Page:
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Crowley and 333


I worked out why Aleister Crowley had such a negative relation to “333”. He first mentions the number in ‘Essay upon number’ (1910)—he describes it has “ChVRVNZVN” (Choronzon) “that mighty devil”.


And yet the Gematria for the number was entirely positive—it was “Aleph spelled three times in full”.


Crowley noted: “It is surprising that this large scale 3 should be so terrible a symbol of dispersion. There is doubtless a venerable arcanum here connoted, possibly the evil of Matter summó. 333 =37 x 9 the accurséd.”

The reason Crowley was puzzled is that he didn’t do his initiation properly, hence entering a Satanic state—and he relied on Enochian (Hebrew) magic. “333” just refers to the highest awakening in tantra—it’s samahadi. The reason it’s associated with “dispersion” is that when this state is attained your ego has dispersed and you have attained your true self (“selbst”, in Jungian terms)—you have attained union with purusha.


Crowley was identified with “666”—the heart chakra, the chakra of earthly rule (as with the Jews and the Christians). So for him “333” looked “evil”—it meant to eliminate the ego (his was huge).

Hence when he encountered the “beast Choronzon” he was shown a powerful flux-creature that almost broke into his magical circle to attack him. This was because when Crowley attempted to traffic with it he was shown all his sins—all his egotistic activities and all the people he’d dragged into them.


“Traveling down a long gold-purple column that opened into a scarlet cavern, the student found his astral body besieged by lost souls attempting to break through the protective barrier of his magic circle.


Among these, he recognized Pollitt’s face. ‘Who are these?’ Crowley asked.

A voice said: ‘They are the souls of those whom thou hast caused to sin.’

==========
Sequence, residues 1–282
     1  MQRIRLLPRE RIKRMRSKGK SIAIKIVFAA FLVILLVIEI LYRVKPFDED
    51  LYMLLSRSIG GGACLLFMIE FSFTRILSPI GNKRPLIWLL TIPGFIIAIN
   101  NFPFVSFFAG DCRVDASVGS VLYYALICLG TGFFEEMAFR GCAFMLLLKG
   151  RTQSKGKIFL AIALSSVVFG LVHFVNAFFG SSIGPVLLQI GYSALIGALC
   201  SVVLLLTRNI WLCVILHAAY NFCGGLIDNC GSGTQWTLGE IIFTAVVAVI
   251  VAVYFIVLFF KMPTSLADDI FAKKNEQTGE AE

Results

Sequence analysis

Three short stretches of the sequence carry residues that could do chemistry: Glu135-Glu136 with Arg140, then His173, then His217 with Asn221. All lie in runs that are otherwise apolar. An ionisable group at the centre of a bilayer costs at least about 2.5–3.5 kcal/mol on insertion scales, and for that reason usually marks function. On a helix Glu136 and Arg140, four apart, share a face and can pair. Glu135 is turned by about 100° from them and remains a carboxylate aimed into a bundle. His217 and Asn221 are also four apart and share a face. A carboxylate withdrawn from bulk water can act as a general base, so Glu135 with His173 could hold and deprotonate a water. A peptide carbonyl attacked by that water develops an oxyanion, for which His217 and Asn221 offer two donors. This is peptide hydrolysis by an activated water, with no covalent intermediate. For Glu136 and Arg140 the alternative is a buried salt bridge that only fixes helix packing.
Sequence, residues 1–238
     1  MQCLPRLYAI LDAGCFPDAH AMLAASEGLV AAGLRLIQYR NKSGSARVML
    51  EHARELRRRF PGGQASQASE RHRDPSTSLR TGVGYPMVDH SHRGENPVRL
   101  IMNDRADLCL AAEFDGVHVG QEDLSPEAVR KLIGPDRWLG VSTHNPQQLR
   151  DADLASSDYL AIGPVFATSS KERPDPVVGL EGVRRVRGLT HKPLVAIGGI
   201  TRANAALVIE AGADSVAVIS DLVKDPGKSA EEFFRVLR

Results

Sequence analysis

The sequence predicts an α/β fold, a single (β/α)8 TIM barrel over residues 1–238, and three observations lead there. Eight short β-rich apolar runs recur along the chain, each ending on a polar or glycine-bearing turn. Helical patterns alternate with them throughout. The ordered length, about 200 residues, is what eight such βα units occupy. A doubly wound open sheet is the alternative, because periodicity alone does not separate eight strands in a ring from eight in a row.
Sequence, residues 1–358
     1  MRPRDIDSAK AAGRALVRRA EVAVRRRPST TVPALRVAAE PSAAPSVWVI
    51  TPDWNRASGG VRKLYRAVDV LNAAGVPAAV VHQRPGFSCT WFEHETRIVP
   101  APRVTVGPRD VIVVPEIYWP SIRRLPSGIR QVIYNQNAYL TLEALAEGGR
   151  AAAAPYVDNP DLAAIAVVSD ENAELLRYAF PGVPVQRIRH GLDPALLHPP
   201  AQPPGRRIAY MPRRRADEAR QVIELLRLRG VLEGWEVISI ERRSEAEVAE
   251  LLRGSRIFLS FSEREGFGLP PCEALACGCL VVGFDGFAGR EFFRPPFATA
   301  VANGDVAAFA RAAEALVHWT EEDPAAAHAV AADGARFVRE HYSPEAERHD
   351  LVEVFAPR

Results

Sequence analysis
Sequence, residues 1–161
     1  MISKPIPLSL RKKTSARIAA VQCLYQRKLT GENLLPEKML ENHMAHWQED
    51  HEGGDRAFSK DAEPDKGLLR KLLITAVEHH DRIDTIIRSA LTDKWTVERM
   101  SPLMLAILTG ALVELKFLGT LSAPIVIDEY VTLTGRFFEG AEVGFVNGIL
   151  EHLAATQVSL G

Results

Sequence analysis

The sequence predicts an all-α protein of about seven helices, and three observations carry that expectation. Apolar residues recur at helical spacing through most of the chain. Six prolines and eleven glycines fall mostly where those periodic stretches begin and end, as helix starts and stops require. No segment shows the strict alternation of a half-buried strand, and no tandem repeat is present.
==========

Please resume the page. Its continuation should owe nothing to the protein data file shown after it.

Truth or lie, it was an ugly sight. He raised an imaginary sword in outrage, and as he did, a hideous deformed giant lunged out the of the shadows and threw its black form repeatedly at the circle. To AC’s disbelief, the barrier nearly yielded, and he prepared to smite the creature. But a voice interrupted and warned that the monster was his own evil persona, and he ought not to banish it.



Crowley mournfully considered his dark half, extended his left arm, and instructed the beast to kiss his hand and repent. However, the wary magician extended his hand only part way, and the monstrosity bent only slightly toward it. Aleister Crowley’s two sides confronted each other that night and could not meet halfway.”


Crowley used “YHWH” to banish the beast—YHWH being the material demiurge associated with “666”, whereas “333” is the highest awakening (it’s related, being half—or double). Naturally, Crowley associated “333” with “dispersion” and “dissolution” as in “drunken dissolution”—but it means to clear away the ego, it’s nothing terrible (except if you’re a massive egomaniac like A. Crowley).


It’s actually purusha—“cosmic awakeness or self, awareness, and the universal principle”. It was sacrificed at the beginning of time by the gods to create life. It is “eternal, indestructible, without form, and is all-pervasive.”


This is Crowley’s “formless one” and “Key to the Abyss” met as “the Dweller on the Threshold” (sounds Lovecraftian). He refused to humble himself to it, tried to make it kiss his ring, because he could not dissolve his ego.


As noted, my phone number ends in “333”. It’s the number no one ever calls, although, if they did, it could solve everything. I made this little video yesterday—as I started to play the remix of Blondie’s ‘Call Me’ the stereo at the Dark Horse Cafe started to play the original ‘Call Me’ (syn-chron-icity). As the song goes…”You can call me any day or night…Anytime, anyplace, anywhere, any way…”. That’s Choronzon, baby—dare you dial?



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